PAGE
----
We did this with Crazy Egg. People were coming to us with questions about customer behavior. They said: “We’re spending all this money on advertising, but we don’t actually know what the customers are doing, where they are clicking, what their behavior is like.”
Only then did we start digging deeper into the topic and thinking about creating a product that solves that problem. We didn’t just develop a product that “felt like a great idea”.
2. As soon as you have an idea, start getting feedback.
Don’t hide in your basement, develop something for 6 months, and then come out, wave it and ask: “What do y’all think?”
Ask for feedback right away.
Imagine a friend tells you about a problem with her company over dinner. Together you sketch out a solution to it on a napkin.
The moment you have that sketch you can show it to other people.
We pushed out the first version of Crazy Egg after only a month to start collecting feedback. Then, each month, we released an improved version.
Thanks to our quick release and constant collection of feedback, we had a decent product after only 6 months, which customers were happy to pay for.
Not only that, but the press and buzz created from releasing the updates publiclyhelped us create a 10,000 people long waiting list by the time we launched Crazy Egg.
Another example of a company who definitely nailed the feedback part, is Instagram.
In order to reach the majority of people, your product must first successfully pass through innovators and early adopters.
These are small groups and communities, who need to be explicitly targeted. Geoffrey Moore has written an entire book about this phenomenon, called “Crossing the Chasm”.
Products either captivate the first 15% of the market, or they go to die there.
If your target customer is “everyone” there’s no way to growth hack through those first 15%, because you don’t even know who to convince to buy.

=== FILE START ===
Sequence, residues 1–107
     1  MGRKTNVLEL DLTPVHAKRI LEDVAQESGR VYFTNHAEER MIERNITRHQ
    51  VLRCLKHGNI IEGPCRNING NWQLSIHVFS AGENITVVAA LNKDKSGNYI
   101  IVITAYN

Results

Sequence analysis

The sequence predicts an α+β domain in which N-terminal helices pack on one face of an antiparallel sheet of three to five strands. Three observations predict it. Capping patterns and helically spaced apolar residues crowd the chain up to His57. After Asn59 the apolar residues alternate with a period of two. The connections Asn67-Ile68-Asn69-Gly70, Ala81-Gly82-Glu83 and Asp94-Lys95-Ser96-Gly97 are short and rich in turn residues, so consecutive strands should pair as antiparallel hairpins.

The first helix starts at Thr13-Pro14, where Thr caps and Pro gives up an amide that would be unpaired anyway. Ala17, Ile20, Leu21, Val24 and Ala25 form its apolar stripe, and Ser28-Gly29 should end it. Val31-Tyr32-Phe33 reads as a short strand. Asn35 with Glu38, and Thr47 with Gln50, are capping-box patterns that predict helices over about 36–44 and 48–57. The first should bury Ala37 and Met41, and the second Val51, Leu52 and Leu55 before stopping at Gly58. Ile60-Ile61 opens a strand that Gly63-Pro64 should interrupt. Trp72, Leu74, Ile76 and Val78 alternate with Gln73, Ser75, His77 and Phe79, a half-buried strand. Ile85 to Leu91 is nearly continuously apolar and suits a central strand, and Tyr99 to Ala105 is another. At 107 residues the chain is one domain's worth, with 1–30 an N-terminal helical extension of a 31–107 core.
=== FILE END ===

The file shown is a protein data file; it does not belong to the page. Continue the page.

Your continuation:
Alright, well how do you get this right then?
Target the small minority of people, who gets the most out of your product
You should create a customer profile. Consider all aspects of your product. Then ask yourself:
Who would get the maximum effect out of our product?
Be specific. Describe a real person as best as possible.
If Dropbox were to tell you about their ideal initial customer, they’d probably say something like:
A 22-year old white male, who is tech-savvy, lives in San Francisco or the Bay Area, is skinny, has only a few really good friends, wears XYZ brand clothes and spends most of his time online.
That’s how detailed you should be.
And in the beginning, you actually want to cater exclusively to those people’s needs.
Traditional products like books published with a traditional publisher have to create a lot of buzz before they even launch, in order to make sure the launch is successful.
With a modern software product, what happens before the launch isn’t nearly as important as what happens after the launch.
Dropbox didn’t throw a huge invite-only launch event. They just released to the public at TechCrunch50 in 2008.
Their much smarter move was to make the service invite-only after the launch.
They launched it at an event where their ideal customers gathered every year and then created an aura of exclusivity around the product.
People looking to join the service needed an invite from current users to get on. Since everyone wanted to know what Dropbox is about and how it works, the waiting list quickly blew up.
But mystery always brings skepticism right with it. So in order to give potential users an idea what Dropbox is about, they made a short demo video.
They custom-tailored that video to the users of Digg, a very popular social news network at the time. Again, the users were all their ideal targets: internet geeks, techies and nerds.
Drew Houston, one of the founders, placed about 12 inside jokes throughout the presentation. Within 24 hours, the video had 10,000 diggs (=likes), the word spread like wildfire and their waiting list jumped from 5,000 to 75,000 users.
Original Dropbox Demo:
Compared to spending $300 per acquisition for a $99 product on Google Adwords, this seemed to be the better strategy for them – they now have 400 million users.